Anyone can imagine how the rest of the evening hours after this story went. The friends scolded and hit the table top with their fists until the red wine glasses trembled. They described the precarious living and working conditions in which they lived despite their bachelor's or even master's degree, and listed the injustices that our generation experienced. My friend Clara, 33, said: "I did everything right, didn't I?" She studied history at the Free University of Berlin and the elite Yale University, completed countless internships in renowned historical museums and institutions, designed her own exhibitions in her spare time and successfully completed a traineeship. Nevertheless, it is only sufficient for fixed-term fee contracts. Sometimes she works on three projects at the same time. She hardly has any money. She doesn't remember when she was last really free, when she didn't have to do anything. After all, said Matthias, she would still be able to earn a living doing subjects that interest her. He is 29 and works in a call center three out of five days a week in order to be able to afford life as a freelance journalist and author. He has not yet given up hope of a job with a newspaper or a lump sum.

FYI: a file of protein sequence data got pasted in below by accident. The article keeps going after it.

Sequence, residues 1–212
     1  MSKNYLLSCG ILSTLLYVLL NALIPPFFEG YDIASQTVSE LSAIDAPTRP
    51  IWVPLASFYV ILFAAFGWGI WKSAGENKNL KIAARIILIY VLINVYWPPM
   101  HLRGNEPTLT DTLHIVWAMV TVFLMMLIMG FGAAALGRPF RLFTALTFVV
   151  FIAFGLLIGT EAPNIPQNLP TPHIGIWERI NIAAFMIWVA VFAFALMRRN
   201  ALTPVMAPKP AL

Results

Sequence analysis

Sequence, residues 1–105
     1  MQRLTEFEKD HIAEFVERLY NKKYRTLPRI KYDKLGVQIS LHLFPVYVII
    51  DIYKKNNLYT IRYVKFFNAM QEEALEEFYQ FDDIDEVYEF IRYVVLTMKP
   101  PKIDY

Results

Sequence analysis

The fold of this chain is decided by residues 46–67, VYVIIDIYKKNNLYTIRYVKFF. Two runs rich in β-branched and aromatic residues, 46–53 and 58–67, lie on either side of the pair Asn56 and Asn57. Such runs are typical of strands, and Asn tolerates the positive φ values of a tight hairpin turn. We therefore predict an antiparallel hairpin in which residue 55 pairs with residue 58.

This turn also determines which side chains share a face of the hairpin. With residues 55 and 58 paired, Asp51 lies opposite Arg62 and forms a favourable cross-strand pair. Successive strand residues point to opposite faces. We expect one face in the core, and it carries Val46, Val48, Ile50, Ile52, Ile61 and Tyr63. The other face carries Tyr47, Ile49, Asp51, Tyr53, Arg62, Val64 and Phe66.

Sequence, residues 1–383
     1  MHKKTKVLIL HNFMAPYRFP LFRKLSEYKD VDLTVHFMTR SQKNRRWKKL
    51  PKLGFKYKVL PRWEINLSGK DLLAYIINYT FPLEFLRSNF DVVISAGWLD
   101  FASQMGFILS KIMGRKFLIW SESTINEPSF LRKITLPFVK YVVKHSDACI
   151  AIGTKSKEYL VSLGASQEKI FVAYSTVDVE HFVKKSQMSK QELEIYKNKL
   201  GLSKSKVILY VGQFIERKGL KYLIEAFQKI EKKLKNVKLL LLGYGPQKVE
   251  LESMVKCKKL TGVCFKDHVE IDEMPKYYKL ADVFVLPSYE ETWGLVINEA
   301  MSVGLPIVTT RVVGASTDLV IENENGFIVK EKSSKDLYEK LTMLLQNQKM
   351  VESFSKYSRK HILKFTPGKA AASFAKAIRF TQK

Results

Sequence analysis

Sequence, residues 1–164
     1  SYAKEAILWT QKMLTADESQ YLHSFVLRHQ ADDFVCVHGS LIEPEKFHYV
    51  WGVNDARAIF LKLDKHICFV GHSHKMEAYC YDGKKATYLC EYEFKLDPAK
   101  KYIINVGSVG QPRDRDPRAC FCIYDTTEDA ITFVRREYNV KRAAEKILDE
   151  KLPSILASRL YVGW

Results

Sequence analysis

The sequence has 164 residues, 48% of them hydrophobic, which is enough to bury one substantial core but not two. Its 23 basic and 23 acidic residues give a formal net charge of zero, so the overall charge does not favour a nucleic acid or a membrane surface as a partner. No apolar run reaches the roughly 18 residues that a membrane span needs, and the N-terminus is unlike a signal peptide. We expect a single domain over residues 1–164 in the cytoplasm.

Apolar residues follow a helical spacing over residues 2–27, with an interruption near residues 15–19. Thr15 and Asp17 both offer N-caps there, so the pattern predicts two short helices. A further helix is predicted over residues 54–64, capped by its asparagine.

I already know what you might think now: Please not another millennial text, please! The whining of this spoiled, self-pitying Generation Y can no longer be heard. And of course, this whining annoys my friends and me too. That is why this text should be about the others: the generation of our parents, those beautiful, gray-haired negotiating partners. Time to change perspective.